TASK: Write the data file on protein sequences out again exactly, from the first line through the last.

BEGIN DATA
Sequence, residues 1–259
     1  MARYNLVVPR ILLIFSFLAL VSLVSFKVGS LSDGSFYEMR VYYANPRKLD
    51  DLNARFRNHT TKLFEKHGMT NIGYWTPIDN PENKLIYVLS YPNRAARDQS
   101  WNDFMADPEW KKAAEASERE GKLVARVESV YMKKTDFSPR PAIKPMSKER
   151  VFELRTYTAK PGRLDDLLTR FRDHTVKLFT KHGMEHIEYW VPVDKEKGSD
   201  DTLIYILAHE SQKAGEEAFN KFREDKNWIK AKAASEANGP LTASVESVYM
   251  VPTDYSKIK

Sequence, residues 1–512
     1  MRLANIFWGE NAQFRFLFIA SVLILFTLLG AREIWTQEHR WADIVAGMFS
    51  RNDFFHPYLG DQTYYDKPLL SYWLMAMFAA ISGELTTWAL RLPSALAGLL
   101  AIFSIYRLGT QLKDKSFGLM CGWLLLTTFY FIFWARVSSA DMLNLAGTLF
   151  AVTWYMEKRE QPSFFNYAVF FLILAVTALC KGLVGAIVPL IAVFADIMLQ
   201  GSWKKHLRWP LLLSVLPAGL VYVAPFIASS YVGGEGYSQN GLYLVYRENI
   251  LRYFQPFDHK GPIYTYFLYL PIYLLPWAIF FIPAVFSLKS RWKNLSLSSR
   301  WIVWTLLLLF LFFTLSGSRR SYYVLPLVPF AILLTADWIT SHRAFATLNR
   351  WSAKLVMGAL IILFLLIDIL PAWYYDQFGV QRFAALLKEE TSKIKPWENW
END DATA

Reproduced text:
Sequence, residues 1–259
     1  MARYNLVVPR ILLIFSFLAL VSLVSFKVGS LSDGSFYEMR VYYANPRKLD
    51  DLNARFRNHT TKLFEKHGMT NIGYWTPIDN PENKLIYVLS YPNRAARDQS
   101  WNDFMADPEW KKAAEASERE GKLVARVESV YMKKTDFSPR PAIKPMSKER
   151  VFELRTYTAK PGRLDDLLTR FRDHTVKLFT KHGMEHIEYW VPVDKEKGSD
   201  DTLIYILAHE SQKAGEEAFN KFREDKNWIK AKAASEANGP LTASVESVYM
   251  VPTDYSKIK

Sequence, residues 1–512
     1  MRLANIFWGE NAQFRFLFIA SVLILFTLLG AREIWTQEHR WADIVAGMFS
    51  RNDFFHPYLG DQTYYDKPLL SYWLMAMFAA ISGELTTWAL RLPSALAGLL
   101  AIFSIYRLGT QLKDKSFGLM CGWLLLTTFY FIFWARVSSA DMLNLAGTLF
   151  AVTWYMEKRE QPSFFNYAVF FLILAVTALC KGLVGAIVPL IAVFADIMLQ
   201  GSWKKHLRWP LLLSVLPAGL VYVAPFIASS YVGGEGYSQN GLYLVYRENI
   251  LRYFQPFDHK GPIYTYFLYL PIYLLPWAIF FIPAVFSLKS RWKNLSLSSR
   301  WIVWTLLLLF LFFTLSGSRR SYYVLPLVPF AILLTADWIT SHRAFATLNR
   351  WSAKLVMGAL IILFLLIDIL PAWYYDQFGV QRFAALLKEE TSKIKPWENW